WHAT IS A "SHOEBOX" BOOK?
Each week, your child will be bringing home one or two books to read to members of the family. We will have a poem book for each letter as well as a story or two written by each letter person or a book tied to our weekly theme.
When we read the poem books in class, we are focusing on identifying the rhyming words in the poem. Each child is asked to circle the pair of rhyming words with a red crayon – their “Red Rhymer”. Afterwards, we will generate a list of other words that rhyme with the identified pair. I list these words on the easel and the children copy them on the inside cover of their book. When your child brings this book home to share with you, have them read it to at least 5 people or 'things' - their pet, stuffed animal, boy/girl in the mirror. Have each person sign the cover. As an extension, see if you and your child can think of any other words that rhyme and record those on the inside cover.
Each week, I will introduce 1-3 new sight words that we will add to our word wall. I will always list these in the newsletter. If you have not yet done so, please record each word that has been introduced in class on an index card and practice these words daily. These words will appear in the books that each letter person has “written” for us and in our weekly themed books. Additionally, these are words that your child will be exposed to frequently in other literature, as well. These are “sight words” because they cannot be sounded out and must be learned and recognized on sight (within 3 seconds). Our first sight word assessment will be in October once the first 12 words have been introduced.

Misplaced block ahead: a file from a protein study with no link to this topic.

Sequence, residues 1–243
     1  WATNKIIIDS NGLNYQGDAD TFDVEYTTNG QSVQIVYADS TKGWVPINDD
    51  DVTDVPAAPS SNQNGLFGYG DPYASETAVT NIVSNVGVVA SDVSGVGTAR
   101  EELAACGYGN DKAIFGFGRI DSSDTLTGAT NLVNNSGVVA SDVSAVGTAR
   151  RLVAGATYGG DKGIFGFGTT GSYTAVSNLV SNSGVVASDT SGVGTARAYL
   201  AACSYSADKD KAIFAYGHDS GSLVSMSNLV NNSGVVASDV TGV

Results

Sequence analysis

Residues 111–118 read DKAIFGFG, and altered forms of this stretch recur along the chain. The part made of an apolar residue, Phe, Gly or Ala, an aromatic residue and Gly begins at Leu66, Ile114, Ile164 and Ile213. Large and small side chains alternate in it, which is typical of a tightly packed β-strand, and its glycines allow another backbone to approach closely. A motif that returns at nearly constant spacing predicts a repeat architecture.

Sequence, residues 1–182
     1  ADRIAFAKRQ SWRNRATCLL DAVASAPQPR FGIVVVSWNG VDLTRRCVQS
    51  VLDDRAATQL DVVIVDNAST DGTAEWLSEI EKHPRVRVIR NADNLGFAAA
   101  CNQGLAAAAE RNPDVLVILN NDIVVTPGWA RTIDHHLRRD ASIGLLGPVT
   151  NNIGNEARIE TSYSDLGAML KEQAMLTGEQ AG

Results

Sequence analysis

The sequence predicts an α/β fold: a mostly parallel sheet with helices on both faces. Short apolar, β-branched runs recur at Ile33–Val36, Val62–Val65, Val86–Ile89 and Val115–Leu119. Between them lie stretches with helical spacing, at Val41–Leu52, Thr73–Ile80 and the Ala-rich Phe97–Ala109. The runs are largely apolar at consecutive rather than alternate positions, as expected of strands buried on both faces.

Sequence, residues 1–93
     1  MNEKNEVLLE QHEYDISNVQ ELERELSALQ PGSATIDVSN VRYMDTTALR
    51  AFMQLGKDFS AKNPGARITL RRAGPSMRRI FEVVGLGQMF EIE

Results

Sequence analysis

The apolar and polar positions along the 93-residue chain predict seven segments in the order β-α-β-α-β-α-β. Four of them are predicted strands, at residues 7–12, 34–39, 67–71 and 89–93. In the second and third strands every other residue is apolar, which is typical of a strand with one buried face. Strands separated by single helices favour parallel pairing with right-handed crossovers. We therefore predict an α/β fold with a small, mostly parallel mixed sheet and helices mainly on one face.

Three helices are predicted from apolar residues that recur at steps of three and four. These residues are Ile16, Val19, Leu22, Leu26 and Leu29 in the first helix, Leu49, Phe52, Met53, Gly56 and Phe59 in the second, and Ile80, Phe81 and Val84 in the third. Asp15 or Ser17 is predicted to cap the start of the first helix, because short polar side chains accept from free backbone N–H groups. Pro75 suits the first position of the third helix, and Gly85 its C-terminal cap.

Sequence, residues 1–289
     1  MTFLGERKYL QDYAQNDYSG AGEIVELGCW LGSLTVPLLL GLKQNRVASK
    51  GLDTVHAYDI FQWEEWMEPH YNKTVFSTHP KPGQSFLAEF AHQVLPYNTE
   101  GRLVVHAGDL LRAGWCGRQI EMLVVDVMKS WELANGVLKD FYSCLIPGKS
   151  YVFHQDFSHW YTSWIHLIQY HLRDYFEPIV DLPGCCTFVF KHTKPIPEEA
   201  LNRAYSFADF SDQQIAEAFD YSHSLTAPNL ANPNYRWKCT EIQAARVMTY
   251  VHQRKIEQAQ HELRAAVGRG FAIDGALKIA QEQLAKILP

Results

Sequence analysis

Prior to reading a story, I will have introduced the new sight words to the class. These words are placed on the word wall. After introducing the rebus/picture words for the story, we take a picture walk and discuss the characters and setting. After the books are distributed to the class, each child becomes a word detective, tracking the text, looking for all of the word wall words and highlighting them with their yellow crayon. We will read the story several times in class before it comes home. When they read it to you at home, encourage them to track the text with their finger (so they are not just reciting the story from memory). You might also point to the highlighted word wall words in random order for additional sight word practice. As an extension, ask your child to count the number of words on the page and compare the number to those on the facing page. Be sure to discuss the story elements of character, setting and problem, if applicable, after reading. Make reading time a special, relaxing time. Don’t worry about mistakes. If your child misreads or doesn’t recognize a word, you may want to ask her or him to look at the word again, ask if the misread word makes sense, or if another word would sound better or say the word if your child appears to be struggling. . IF YOUR CHILD IS HAVING DIFFICULTY READING THE TEXT INDEPENDENTLY, PLAY “BE MY ECHO” where you track the text and read a page aloud and they repeat and do the same. Have them read the story to at least five people or “Things” at home before placing them in the shoebox (you can even have them decorate the box!). Every so often, pull out the box and have them read the stories. They will be pleased and so proud of themselves as they see how their reading skills have developed and how they are becoming more fluent readers.